Wednesday, August 04, 2010

'Mad Shelley' 1792 Percy Bysshe Shelley ('Mad Shelley'; d. 1822), English poet. Percy Shelley started life in a favoured position in British society, as his father was a baronet. At Sion House Academy the lad was a hell raiser, and he was expelled from Oxford for a booklet he wrote urging "the necessity of atheism", whereupon his father cut off his money. Shelley then lived on secret remittances from his sisters.

The young poet had such an active imagination that, although he detested falsehood, he could not give the same account of an event to two people.

After eloping to Scotland with Harriet Westbrook he became interested in the ideas of the radical/anarchist philosopher William Godwin. He began to visit Godwin's house and fell in love with Mary Godwin (later called Mary Shelley), the sixteen-year-old daughter of Godwin by his first wife, the feminist writer Mary Wollstonecraft, who had written A Vindication of the Rights of Women and had died eight days after Mary's birth in 1797. (Mary wrote Frankenstein while with her husband, Lord Byron and others in Switzerland.)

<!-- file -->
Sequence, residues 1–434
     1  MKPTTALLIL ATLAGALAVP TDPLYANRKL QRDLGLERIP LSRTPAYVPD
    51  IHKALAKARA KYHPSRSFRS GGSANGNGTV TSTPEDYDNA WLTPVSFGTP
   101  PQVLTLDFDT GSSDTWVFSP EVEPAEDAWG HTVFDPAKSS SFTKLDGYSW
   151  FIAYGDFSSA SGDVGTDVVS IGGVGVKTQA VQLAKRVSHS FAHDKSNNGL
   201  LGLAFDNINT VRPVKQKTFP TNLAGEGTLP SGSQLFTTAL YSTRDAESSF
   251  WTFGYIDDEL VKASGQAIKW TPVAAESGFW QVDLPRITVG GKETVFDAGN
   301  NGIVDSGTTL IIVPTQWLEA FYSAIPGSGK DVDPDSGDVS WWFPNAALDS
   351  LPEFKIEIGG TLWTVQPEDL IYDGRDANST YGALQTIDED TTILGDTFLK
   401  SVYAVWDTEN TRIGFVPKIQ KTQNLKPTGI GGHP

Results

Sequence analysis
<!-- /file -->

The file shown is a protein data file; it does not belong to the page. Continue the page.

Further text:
Shelley drowned in a squall (July 8, 1822) while on a boat with his friend Captain Williams on the Bay of Spezzia, Italy. Byron, Leigh Hunt and Trelawny burned his body as required by quarantine law ...

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